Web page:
June 05, 2012

Birth Bricks Old and Older

Birth Bricks Old and Older

When I was learning about how rural and basti women gave birth 20-25 years ago, what was almost routinely mentioned was ‘….and I squatted on the bricks—and then the bachcha was born.’ I was not then surprised that a University of Pennsylvania team of archeologists excavating a site in Egypt found ‘birth bricks’, probably, they surmised, used by women of the nobility as they birthed.

The first image above is of a basti woman simulating the position she would take for the birth during a MATRIKA workshop.

The second, below, is the detailing on the birth brick excavated by archeologists. You can vaguely see the birthing Egyptian woman on the right and the midwife in the lower left hand corner, ready to catch the baby.

Of course, for me, it’s quite affirming to see the same custom/position having been used across geographical and chronological boundaries.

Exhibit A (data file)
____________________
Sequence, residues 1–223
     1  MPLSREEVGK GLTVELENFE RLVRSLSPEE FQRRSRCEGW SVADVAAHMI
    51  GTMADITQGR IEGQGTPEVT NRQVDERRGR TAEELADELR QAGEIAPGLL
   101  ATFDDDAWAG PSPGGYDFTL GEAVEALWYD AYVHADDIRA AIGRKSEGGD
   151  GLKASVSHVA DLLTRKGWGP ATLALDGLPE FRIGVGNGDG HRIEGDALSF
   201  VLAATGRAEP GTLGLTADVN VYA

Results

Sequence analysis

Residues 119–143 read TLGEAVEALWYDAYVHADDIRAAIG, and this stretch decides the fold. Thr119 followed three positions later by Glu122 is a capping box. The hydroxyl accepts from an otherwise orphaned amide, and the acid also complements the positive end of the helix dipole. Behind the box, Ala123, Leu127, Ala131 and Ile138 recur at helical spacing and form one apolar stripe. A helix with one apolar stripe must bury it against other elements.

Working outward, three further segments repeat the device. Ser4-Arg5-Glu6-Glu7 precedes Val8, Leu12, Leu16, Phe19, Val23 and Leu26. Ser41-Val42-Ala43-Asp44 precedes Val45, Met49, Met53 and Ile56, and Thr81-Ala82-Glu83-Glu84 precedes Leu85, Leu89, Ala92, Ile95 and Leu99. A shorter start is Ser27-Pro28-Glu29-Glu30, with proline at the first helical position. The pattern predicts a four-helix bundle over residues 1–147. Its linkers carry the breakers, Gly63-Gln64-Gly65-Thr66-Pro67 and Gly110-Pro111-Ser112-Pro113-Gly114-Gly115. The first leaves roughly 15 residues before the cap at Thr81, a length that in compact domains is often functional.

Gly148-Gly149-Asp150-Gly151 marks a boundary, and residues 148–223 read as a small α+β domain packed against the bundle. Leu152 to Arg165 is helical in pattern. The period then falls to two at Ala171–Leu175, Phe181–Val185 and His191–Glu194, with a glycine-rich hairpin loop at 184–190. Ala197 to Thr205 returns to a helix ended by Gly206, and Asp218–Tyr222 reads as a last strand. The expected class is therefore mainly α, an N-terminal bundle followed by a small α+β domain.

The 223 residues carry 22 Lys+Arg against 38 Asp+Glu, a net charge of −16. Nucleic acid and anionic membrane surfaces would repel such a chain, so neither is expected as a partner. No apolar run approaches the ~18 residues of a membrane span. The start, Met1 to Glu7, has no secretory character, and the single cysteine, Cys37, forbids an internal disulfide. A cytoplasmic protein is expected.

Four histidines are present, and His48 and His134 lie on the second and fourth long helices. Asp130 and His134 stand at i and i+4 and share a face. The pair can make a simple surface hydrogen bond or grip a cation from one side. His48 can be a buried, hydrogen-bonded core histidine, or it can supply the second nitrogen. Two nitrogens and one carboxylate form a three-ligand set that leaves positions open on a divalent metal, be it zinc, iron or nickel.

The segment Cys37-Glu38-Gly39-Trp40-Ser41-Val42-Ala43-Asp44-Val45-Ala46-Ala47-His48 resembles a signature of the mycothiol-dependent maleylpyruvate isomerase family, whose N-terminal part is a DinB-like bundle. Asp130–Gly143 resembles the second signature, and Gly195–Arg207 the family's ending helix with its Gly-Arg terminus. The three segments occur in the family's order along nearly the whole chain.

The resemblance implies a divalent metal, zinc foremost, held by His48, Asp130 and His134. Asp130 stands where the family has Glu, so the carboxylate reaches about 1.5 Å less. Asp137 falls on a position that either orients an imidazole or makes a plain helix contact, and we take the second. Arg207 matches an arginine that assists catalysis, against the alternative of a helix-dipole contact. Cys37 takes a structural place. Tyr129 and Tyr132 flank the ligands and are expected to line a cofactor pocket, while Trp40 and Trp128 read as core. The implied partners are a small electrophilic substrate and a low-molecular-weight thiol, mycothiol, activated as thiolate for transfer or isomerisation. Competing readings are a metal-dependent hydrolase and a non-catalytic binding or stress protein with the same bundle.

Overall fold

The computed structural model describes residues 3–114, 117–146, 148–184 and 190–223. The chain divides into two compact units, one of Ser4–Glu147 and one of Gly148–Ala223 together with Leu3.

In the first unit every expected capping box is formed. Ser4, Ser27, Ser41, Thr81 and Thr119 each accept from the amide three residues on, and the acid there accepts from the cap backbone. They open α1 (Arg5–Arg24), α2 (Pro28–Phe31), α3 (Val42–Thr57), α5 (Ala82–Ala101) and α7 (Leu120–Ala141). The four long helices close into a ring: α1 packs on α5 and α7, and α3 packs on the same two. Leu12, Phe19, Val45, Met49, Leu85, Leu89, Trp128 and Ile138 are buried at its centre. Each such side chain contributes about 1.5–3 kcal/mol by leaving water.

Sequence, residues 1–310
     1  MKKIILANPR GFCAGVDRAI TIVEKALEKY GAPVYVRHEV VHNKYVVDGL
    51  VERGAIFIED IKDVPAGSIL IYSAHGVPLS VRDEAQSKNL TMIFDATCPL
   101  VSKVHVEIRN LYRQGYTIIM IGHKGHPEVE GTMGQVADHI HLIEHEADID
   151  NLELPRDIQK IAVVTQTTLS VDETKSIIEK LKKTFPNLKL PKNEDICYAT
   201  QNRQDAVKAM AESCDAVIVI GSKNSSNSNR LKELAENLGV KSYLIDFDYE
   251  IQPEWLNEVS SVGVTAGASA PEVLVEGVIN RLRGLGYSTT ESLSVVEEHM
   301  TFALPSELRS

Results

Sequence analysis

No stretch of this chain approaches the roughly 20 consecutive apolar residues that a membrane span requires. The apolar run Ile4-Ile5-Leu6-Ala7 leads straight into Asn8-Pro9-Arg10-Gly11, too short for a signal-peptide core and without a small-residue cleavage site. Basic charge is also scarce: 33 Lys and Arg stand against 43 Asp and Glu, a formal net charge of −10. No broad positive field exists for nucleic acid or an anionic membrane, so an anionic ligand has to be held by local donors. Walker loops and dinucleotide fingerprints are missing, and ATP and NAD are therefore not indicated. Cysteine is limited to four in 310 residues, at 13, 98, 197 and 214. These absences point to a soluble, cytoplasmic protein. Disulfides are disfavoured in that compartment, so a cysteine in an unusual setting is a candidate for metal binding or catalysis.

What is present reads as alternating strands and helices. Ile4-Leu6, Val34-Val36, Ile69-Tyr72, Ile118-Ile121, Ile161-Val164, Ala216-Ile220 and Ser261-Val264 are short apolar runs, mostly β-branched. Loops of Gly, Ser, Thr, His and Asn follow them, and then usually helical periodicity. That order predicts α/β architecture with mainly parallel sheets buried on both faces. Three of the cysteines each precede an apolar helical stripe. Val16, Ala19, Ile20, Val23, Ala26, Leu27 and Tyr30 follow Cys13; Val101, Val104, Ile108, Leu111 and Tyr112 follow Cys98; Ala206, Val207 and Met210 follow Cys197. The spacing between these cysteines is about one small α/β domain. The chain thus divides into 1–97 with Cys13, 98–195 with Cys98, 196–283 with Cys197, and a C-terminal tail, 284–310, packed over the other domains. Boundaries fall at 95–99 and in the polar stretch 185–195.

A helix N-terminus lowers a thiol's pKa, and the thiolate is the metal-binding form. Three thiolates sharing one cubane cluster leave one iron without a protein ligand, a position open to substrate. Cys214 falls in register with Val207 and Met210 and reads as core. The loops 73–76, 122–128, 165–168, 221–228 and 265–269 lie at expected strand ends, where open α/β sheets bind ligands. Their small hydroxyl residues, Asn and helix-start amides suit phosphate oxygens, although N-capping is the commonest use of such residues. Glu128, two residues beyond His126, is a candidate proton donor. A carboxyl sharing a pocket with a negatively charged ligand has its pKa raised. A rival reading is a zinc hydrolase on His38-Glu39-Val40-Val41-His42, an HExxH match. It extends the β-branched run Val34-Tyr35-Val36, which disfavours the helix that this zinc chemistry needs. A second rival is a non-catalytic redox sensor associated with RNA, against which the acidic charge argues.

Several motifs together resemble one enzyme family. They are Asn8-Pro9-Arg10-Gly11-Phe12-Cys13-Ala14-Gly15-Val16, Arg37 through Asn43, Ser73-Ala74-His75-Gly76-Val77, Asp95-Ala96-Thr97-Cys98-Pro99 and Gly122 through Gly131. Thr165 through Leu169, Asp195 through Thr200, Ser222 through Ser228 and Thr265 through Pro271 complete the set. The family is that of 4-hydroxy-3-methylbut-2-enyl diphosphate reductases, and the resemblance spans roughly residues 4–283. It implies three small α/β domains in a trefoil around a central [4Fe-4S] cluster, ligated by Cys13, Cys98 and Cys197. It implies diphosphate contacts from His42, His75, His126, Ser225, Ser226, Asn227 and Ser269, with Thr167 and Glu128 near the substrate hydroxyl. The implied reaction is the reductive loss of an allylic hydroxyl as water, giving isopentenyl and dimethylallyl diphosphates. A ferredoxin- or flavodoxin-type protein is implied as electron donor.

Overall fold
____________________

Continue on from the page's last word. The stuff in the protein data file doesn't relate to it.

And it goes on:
The practical aspect of a birthing mother squatting is recognized, the pelvic bones, muscles, ligaments are at their widest. Gravity is working FOR rather than against the woman’s pushing efforts. In the  ‘lithotomy’ position (legs up in the air)  the woman is actually forced to push UP against gravity.

Being slightly elevated on the ‘birth bricks’ would give the midwife ample room for her hands to catch the newborn. Also women often would be surrounded by helpers on both sides, offering physical support, affectionate touch and encouragement.

Can't you just imagine if we started bringing bricks into the labour room?!